Adding cannabinoids to anorexia-stricken mice helped the animals recover from the eating disorder and return to a normal weight, according to a new research report from Katholieke Universiteit Leuven in Brussels.
Cindy Casteels, a post-doctoral researcher, has also published a PhD thesis in molecular imaging of the type 1 cannabinoid receptor in movement disorders. Cannabinoids are chemical compounds found in the brain, and the most well-known cannabinoid is THC, the psychoactive compound in marijuana.
The Medical Marijuana Review spoke with Casteels about her research and its implications for anorexia sufferers.
Anorexia nervosa is an eating disorder characterized by food restriction and irrational fear of gaining weight, as well as a distorted body self-perception. Around 1 percent of American women suffer from anorexia nervosa.
Some physicians believe there could be a connection between a dysfunctional endocannabinoid system (ECS) and eating disorders. The ECS is a term given to a group of lipids and receptors that are involved in a variety of physiological processes. Casteels explains the significance of the ECS: “The endocannabinoid system (ECS), a major neurotransmission system, is involved in numerous physiological processes often related to homeostatic balance but also in neuro-protection, motor behavior, memory regulation, addiction and cognition. It consists of a family of naturally occurring lipids, the endocannabinoids, of degradation proteins and of cannabinoid receptors.”
These receptors are found in the brain, organs, connective tissues, glands and immune cells, and are produced naturally by the body. One function of the ECS, Cindy explains, helps to control the way the body reacts to certain foods and the feeling that people get from eating food (these are termed the “hedonic aspects” of eating). One type of receptor, found as part of the ECS, is called CB1, and is part of the brain region that controls food intake, reward and energy balance.
As well as being triggered by the 85 known cannabinoids found in the body, the ECS also interacts with the phytocannabinoids found in marijuana, such as the Delta-9-tetrahydrocannabinol (THC). This reaction is in a similar way to the cannabinoids present in the human body. The main ECS receptor stimulated is by THC is CB1. This is the same receptor that is linked to food intake and food enjoyment.
Casteels says that defects in the endocannabinoid system and eating disorders are interlinked. From this starting point, different areas of research – including Casteels’ new study mentioned earlier – are in progress to see if the ECS can be controlled by using stimulants to help someone overcome an eating disorder. Casteels adds: “Regarding food intake, animal studies showed that CB1 knockout mice are leaner than control mice due to reduced food intake, and the same mice are resistant to diet-induced obesity when subjected to a highly caloric diet without their energy uptake being reduced.”
To explore this further, Casteels’ research team at KU Leuven undertook studies on rats (rodents are good candidates for studying eating disorders). In the study, one group of rats were bred to be anorexic and were placed in cages with running wheels; another group were also bred to be anorexic but they were not given wheels; a third group were fed a normal diet and were given running wheels; and a final “control group” were fed normally but did not have a wheel for exercise. These various groups were designed to mimic behaviors in people.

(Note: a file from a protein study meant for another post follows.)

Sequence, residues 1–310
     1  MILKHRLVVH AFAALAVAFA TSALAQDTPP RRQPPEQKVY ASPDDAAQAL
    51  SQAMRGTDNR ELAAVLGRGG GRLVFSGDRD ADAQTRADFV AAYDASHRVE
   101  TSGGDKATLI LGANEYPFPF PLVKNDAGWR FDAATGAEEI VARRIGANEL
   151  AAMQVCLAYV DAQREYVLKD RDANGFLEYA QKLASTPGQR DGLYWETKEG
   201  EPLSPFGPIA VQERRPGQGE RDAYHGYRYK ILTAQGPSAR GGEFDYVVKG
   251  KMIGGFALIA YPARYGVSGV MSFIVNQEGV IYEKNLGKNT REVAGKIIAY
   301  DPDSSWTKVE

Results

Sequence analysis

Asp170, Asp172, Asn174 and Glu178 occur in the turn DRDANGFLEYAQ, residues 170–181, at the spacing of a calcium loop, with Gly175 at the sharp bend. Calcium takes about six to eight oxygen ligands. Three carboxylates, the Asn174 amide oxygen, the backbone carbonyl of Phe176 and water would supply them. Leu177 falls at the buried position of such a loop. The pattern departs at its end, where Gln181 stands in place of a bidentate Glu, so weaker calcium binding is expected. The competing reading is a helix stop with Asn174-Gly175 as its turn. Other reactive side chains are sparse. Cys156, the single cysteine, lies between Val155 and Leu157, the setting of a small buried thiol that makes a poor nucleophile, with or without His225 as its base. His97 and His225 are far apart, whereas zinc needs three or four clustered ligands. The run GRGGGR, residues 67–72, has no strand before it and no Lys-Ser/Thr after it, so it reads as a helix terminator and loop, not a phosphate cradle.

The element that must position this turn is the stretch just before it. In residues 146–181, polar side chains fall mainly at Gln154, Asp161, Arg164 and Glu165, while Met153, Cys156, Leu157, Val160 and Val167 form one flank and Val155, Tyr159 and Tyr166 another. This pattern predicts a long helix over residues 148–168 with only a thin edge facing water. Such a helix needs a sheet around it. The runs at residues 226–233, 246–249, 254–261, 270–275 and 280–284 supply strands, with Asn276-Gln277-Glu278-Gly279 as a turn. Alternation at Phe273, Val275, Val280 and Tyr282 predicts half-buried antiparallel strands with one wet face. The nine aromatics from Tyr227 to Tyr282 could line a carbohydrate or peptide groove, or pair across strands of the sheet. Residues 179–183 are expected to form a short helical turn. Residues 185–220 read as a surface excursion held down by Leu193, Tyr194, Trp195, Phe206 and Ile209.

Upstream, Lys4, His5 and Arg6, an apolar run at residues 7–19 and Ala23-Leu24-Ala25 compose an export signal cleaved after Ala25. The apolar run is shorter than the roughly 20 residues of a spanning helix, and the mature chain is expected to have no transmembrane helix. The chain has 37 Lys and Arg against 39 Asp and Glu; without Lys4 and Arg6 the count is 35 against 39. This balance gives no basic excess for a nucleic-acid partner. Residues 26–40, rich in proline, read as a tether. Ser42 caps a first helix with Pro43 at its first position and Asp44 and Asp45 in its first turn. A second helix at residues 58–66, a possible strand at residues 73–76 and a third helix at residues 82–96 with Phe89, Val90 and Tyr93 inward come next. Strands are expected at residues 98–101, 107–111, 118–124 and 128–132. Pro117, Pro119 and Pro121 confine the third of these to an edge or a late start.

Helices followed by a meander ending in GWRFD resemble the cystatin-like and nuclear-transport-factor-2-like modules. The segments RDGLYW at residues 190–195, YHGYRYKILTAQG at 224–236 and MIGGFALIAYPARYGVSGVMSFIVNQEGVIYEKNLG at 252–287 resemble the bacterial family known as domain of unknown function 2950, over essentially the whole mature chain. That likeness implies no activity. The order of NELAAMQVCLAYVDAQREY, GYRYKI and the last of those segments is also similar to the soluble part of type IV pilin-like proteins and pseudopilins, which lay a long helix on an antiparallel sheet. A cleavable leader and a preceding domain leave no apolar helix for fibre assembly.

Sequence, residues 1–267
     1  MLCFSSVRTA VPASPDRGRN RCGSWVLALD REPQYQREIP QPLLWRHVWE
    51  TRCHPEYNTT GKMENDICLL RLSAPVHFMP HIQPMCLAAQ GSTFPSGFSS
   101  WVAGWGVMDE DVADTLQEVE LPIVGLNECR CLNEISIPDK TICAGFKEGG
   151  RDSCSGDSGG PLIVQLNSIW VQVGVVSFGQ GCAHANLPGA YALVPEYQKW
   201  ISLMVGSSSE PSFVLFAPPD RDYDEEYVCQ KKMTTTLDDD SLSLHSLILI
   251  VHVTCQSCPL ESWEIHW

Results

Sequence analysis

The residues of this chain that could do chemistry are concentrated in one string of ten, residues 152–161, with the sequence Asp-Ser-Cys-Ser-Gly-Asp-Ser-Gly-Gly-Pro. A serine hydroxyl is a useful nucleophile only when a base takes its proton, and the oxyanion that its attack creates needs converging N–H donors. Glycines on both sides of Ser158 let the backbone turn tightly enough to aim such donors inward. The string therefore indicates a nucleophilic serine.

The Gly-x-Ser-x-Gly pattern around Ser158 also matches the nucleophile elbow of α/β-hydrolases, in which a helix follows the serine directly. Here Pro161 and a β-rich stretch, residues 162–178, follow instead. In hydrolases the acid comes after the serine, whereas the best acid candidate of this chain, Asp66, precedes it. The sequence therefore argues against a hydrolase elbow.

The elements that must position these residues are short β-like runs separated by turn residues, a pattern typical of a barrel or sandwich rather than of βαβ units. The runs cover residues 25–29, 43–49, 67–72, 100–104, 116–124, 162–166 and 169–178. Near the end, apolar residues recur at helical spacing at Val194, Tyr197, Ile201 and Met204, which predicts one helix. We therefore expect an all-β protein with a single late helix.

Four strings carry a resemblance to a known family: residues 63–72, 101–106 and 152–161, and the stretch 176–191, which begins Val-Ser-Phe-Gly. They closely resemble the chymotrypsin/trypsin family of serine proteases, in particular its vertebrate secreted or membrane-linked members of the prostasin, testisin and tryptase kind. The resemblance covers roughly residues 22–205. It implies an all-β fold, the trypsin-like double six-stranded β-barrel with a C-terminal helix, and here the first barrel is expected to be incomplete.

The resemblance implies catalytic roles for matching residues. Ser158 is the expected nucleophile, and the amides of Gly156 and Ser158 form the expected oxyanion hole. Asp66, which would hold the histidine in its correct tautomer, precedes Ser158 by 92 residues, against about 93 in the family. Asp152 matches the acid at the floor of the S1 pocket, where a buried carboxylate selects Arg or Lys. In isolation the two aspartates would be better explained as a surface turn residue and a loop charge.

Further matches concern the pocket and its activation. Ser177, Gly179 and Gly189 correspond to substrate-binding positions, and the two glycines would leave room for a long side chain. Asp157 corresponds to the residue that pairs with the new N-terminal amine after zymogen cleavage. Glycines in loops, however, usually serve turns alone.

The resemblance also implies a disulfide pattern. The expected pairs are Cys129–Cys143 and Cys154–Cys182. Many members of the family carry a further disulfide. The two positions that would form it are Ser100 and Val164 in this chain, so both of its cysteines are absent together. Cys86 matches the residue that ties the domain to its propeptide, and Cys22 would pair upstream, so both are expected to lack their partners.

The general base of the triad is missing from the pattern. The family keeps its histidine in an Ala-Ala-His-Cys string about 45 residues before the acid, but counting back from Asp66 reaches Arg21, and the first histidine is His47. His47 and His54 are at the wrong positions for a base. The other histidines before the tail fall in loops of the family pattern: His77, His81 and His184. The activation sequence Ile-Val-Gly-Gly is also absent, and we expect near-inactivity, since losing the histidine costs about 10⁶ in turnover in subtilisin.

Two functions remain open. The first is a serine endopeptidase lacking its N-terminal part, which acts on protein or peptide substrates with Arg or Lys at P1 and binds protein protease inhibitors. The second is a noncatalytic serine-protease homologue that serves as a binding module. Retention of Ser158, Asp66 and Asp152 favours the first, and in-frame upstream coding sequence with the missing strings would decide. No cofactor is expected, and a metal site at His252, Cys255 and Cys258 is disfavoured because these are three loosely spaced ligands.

For the simulation of anorexia, the animals were food restricted (only allowed access to limited amounts of food for short periods) and were given unrestricted access to a running wheel. This served to reproduce both the behavioral and neurophysiological conditions of anorexia nervosa. The presence of the exercise wheel was considered important because many people with anorexia tend to exercise regularly. To model anorexia, Casteels explains that “the target weight was ~85% of initial weight.”
Once the rats were returned to normal conditions, those who developed “anorexia” had reduced appetites and didn’t regain normal weight when their routine feeding and exercise patterns were returned. However, the control group, which was given cannabinoids in its feed, did recover.
The outcome of the study demonstrated the effectiveness of cannabinoids in rescuing animals from the body-weight loss associated with anorexia nervosa. The study’s results have been published in the European Journal of Nuclear Medicine and Molecular Imaging.
Further research into the effect of cannabinoids on the ECS within animals (and whether this can help to reduce the likelihood of long-term anorexia) will be required before human trials are attempted. According to Casteels: “Of special interest, we have observed a similar finding of a widespread increase in female anorectic patients, suggesting validity of our animal model to mimic human CB1 receptor alterations in anorexia nervosa.”
It’s possible that THC from medical marijuana could provide a source of cannabinoids to help with anorexia treatment, once again proving how marijuana can be an effective medicine for a harmful disease plaguing millions.
Flickr photo via user daniellehelm
ABOUT THE AUTHOR
Dr. Tim Sandle, PhD, is a microbiologist, specializing in healthcare and pharmaceuticals. He is also a writer and journalist who is interested in science, history, politics and current affairs. Follow him on Twitter @TimSandle